Still we will seek thy Mercy there,
And sing thy Praises still.
While far from thine Abode,
When shall I tread thy Courts and see
My Saviour and my God?
6. The Sparrow builds herself a Nest,
And suffers no Remove;
O make me like the Sparrow blest,
To dwell but where I love!
7. To sit one Day beneath thine Eye,
And hear thy gracious Voice,
Exceeds a whole Eternity
Employ’d in carnal Joys.
8. Lord, at thy Threshold I would wait
While Jesus is within,
Rather than fill a Throne of State,
Or live in Tents of Sin!
9. Could I command the spacious Land,
And the more boundless Sea,
For one blest Hour at thy Right-hand,
I’d give them both away.
2. The Lord is God; ’tis he alone
Doth Life, and Breath, and Being give;
We are his Work, and not our own;
The Sheep which on his Pastures live.
3. Enter his Gates with Songs of Joy,
With Praises to his Courts repair,
And make it your divine Employ,
To pay your thankful Honours there.
4. The Lord is good; the Lord is kind;
Great is his Grace, his Mercy sure;
And the whole Race of Man shall find
His Truth from Age to Age endure.
2. And in this barren Wilderness,
Where Waters there are none,
My Flesh is parch’d for Thought of thee,
For thee I wish alone;
3. That I might see yet once again,
Thy Glory, Strength, and Might,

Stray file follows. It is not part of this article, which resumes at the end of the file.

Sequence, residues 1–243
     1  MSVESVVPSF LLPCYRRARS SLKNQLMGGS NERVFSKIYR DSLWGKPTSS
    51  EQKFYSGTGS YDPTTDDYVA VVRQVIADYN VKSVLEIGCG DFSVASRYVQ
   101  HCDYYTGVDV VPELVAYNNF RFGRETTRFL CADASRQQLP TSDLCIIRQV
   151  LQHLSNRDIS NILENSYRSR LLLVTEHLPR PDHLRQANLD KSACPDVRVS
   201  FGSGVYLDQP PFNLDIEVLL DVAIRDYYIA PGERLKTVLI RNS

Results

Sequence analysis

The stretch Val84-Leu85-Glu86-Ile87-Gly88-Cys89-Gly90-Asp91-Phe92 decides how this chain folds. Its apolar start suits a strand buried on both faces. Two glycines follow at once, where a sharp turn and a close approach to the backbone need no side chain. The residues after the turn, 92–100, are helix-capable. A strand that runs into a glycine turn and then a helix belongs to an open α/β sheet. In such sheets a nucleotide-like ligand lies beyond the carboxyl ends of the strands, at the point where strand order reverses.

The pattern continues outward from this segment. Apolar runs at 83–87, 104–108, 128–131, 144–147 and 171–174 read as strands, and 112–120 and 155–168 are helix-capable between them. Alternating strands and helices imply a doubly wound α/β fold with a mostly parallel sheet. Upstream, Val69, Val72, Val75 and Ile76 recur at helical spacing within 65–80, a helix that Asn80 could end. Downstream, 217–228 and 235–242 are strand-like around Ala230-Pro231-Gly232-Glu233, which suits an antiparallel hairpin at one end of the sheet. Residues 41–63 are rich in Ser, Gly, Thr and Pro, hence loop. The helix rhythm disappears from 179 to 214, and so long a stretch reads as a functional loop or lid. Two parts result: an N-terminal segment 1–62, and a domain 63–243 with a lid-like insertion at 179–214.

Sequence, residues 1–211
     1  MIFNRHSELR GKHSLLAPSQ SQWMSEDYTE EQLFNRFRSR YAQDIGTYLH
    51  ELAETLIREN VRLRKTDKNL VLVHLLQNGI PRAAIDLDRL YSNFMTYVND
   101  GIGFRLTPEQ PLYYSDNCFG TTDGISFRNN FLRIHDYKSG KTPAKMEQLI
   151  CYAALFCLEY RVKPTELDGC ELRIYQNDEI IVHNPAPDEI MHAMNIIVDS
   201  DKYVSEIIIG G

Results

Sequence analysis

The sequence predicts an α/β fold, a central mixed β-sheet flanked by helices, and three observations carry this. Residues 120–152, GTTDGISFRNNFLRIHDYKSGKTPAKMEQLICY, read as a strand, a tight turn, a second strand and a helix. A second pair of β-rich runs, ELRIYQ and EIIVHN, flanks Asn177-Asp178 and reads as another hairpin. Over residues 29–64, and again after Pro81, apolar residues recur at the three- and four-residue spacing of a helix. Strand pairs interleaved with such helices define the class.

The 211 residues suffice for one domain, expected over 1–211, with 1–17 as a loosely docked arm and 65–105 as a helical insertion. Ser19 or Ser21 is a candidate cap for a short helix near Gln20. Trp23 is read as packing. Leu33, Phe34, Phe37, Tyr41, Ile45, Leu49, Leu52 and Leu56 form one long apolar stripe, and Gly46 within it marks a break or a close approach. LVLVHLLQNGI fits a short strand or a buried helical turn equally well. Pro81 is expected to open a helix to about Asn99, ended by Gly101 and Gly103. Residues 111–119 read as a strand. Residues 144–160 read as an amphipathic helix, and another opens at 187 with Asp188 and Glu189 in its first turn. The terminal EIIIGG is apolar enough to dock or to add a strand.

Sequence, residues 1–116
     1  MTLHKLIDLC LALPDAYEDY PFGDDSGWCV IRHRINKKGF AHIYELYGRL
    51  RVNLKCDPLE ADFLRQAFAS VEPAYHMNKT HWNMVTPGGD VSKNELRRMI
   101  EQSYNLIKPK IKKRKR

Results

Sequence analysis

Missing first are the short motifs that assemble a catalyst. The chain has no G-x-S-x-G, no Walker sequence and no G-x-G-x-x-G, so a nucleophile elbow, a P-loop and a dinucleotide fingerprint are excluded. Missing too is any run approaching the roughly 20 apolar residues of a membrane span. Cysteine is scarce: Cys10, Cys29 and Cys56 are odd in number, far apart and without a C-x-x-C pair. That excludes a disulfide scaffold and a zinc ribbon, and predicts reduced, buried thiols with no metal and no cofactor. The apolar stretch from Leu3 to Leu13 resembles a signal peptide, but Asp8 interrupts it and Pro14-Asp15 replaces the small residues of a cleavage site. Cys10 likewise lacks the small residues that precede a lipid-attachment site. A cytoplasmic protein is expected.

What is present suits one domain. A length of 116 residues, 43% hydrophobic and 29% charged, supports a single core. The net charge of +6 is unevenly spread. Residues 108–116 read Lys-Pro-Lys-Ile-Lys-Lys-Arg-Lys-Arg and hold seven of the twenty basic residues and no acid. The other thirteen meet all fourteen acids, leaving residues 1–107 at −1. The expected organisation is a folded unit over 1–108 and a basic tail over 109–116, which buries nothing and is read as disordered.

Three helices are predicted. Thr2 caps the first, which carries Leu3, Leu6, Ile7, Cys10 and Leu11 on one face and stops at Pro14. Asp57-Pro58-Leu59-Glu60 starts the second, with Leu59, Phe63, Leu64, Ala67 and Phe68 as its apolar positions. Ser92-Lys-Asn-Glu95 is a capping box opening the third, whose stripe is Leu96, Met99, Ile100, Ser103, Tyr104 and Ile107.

As I was wont it to behold
Within thy Temple bright.
4. For why? Thy Mercies far surmount
This Life and wretched Days;
My Lips therefore shall give to thee
Due Honour, Laud, and Praise.
To worship thee alway;
And in thy Name I will lift up
My Hands when I do pray:
6. My Soul is as with Marrow fill’d,
Which is both fat and sweet;
My Mouth therefore shall sing such
Songs As are for thee most meet.
7. When in my Bed I think of thee,
And in the wakeful Night,
I under Covert of thy Wings
Rejoice with great Delight;
8. My Soul doth closely seek to thee,
Thy right Hand is my Pow’r,
And those that seek my Soul to slay
Death shall them soon devour:
9. The Sword shall them devour each one,
Their Carcases shall feed
The hungry Foxes which do run
Their Prey to seek at Need.
10. The King and all Men shall rejoice
That do profess God’s Word;
For Liars’ Mouths shall then be stopp’d,
And all their Ways abhorr’d.
Some solid Good to fill the Mind:
We try new Pleasures—but we feel
The inward Thirst, and Torment still.
3. So, when a raging Fever burns,
We shift from Side to Side by Turns;
And ’tis a poor Relief we gain,
To change the Place but keep the Pain.
4. Great God! Subdue this vicious Thirst,
This Love to Vanity and Dust;
Cure this vile Fever of the Mind,
And feed our Souls with Joys refin’d.
2. What empty Things are all the Skies,
And this interior Clod!
There’s nothing here deserves my Joys,